Since we are all visual creatures, a photo or a painting can evoke great memories, just like a song or a smell. But the only way to trigger some of those intense memories on a deep level is to adjust the light levels in the photograph, so that the effective light levels and color match those that are buried in your head. The HDR process can help achieve these goals.
Don’t just take your camera out on those rare occasions when you actually decide to set aside a portion of your day for photography. Face it: we’re all busy people with real lives and setting aside 3-4 hours for anything extracurricular is rough. But it only takes a few seconds to get inspired for a photo, and it’s no good if your camera is back at home.
Keep it in the trunk of your car in a fun little photo backpack with a small selection of lenses. You never know when you will see something wonderful.
Use this opportunity to take at least one photo a day. It doesn’t have to be a grand landscape – just something small and nice that you really should have noticed before.
Do you have kids? Are you a kid at heart? Think about being a kid and what happened when you turned into a jaded old grown up. Maybe by the end of this section you can ask yourself some new questions about reality.
Kids have this remarkable “membrane” between fantasy and reality. They can jump back and forth between the two in an effortless way. In fact, the membrane is wonderfully “thick”, in that there is a vast dreamstate wilderness where the world is both fantasy and reality. When pressed, the kids will tell you what is real and what is pretend, but that is often a painful process that extracts them from the escapism that was so visceral just a few moments before.
When we are all grown up and serious, that membrane is razor-thin, and there is little tolerance of what is “pretend” and “fantasy”. Why is this? Is it because we are surrounded by other serious people and we want to conform? Is it because fantastical events and escapades are what “kids” do, and thus is not pertinent to the practical?
Obviously we all still can get into that fantasy zone and we all love it. That’s why movies are still such a potent force; they give us social permission to be like a kid for 2 hours, once a week. It also explains the waxing relevance of online games.
But when we start talking about photography – well now, that is a different subject! Photography is a serious art form, practiced by classically trained masters whose reality is quite serious indeed! There mustn’t be anything fantastical introduced via the art form. The process is the camera straight to the film, you see!
Hey this is a weird one, eh? Who on Earth has time to learn to draw? Well, you would have time if you stopped wasting time on nonsensical activities. You’ve got one life here so you might as well start applying yourself.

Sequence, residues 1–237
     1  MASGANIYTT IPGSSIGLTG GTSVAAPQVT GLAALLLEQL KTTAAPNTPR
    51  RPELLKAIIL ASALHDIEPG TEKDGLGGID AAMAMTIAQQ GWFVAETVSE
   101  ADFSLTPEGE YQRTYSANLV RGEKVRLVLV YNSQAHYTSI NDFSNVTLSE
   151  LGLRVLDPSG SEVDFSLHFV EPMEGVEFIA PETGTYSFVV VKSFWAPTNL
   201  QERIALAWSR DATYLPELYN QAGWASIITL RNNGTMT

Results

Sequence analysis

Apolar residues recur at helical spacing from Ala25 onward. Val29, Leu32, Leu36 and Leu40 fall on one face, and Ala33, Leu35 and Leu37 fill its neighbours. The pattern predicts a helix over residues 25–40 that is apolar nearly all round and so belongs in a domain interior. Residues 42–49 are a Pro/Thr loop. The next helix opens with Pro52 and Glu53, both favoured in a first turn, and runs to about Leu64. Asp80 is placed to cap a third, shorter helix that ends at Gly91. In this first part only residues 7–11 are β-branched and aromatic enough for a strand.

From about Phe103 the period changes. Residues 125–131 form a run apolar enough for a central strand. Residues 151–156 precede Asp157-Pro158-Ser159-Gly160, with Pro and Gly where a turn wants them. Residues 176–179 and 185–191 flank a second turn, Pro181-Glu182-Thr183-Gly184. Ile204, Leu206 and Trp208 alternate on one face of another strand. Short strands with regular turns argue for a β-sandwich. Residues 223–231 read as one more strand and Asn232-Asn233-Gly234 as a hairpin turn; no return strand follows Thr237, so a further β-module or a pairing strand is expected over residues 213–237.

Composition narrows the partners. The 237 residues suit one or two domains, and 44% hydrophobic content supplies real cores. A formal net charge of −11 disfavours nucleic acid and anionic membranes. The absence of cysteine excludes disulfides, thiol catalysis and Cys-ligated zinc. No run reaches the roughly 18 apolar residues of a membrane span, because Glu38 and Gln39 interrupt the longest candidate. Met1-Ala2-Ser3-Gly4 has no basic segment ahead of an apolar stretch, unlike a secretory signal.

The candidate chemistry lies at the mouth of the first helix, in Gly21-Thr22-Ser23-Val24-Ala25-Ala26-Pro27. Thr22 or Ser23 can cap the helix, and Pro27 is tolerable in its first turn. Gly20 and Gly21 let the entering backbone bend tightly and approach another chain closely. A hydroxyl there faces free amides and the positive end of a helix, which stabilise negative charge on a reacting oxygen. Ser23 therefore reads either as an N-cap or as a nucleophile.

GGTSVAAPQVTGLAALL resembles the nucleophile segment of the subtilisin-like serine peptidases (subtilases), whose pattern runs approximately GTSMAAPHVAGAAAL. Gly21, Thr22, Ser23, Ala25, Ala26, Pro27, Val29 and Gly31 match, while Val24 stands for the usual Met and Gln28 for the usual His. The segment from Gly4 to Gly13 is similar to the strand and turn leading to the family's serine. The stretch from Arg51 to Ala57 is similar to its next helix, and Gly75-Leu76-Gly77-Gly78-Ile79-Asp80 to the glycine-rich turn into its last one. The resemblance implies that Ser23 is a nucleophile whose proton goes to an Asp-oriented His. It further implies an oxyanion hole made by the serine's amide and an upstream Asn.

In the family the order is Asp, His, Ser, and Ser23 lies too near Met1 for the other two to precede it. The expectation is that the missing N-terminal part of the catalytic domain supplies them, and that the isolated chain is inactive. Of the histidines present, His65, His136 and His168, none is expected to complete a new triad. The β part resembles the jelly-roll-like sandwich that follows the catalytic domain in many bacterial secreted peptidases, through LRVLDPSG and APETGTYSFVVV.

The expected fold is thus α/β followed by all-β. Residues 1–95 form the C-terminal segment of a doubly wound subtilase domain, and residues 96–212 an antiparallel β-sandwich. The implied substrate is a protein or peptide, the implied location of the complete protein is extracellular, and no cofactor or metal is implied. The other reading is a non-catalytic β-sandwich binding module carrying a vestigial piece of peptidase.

I didn’t have any time! Heck I have a load of kids, a full time job, a bunch of cool games to play, books to read, I have to go exercise, I do a bit of photography, and blah blah blah… So, as a personal experiment, I was going to see if anyone can learn to draw. This is similar to another experiment I did on myself to see if I could take something I hated and turn it into something I enjoy. Only that experiment was coffee, and I was afraid learning to draw would be harder, particularly because of the jitteryness introduced from the first experiment.
I’ve always admired people that can just grab a pencil and paper and make something amazing. Man, I always wanted to do that! I went into the experiment with the hypothesis that there are great natural artists that can draw anything with zero instruction whatsoever. These are true masters and I was unlikely to achieve that goal. However, I thought I could get passable at drawing and get to a point of satisfaction. A great side effect, I envisioned, is that it would give me new insight into photography – into line, shape, light, and composition.
All of this turned out to be true. So, if you have hit a rough spot or the doldrums with your photography, take up drawing. There are a few instructional books out there that are practical hands-on guides that can get you the basic pointers you need. I think you will be quite impressed on how it starts to bleed into your photography art!
Last, make a lot of mistakes. Throw yourself and your art out there and see what works and what doesn’t work. Get your stuff looked at by real friends that give you frank feedback.
Don’t be like those sorry saps on American Idol who make fools of themselves in big auditions because they’ve spent their whole life with their tone-deaf mom telling them they are incredible at singing “Over the Rainbow”, because Aunt Mabel enjoyed it so much during that 2nd grade play. Get yourself online and begin making friends by finding other photographers that you respect. Beg and plead for them to come look at one or two of your photos and get their frank feedback. They will cut you apart, but just take your medicine, lick your wounds, and go out there and improve.
And there we have ten things to shake up your world a little bit. I’m no Baudelaire when it comes to writing these sorts of polemics. However, just as he drove Manet to be Manet, perhaps I can do my own little part to stoke the fires and drive a new art revolution forward; evolve and evoke, or whither into nothingness.
Vitaly, the kind guru at Smashing Magazine, asked me to include a some other photos because readers love the sweet eye candy. So here is a random selection of some of my favorites, which is somewhat of a canard because I get caught up in an endless loop of recursive objective self-objectivity.
The Lonely Trinity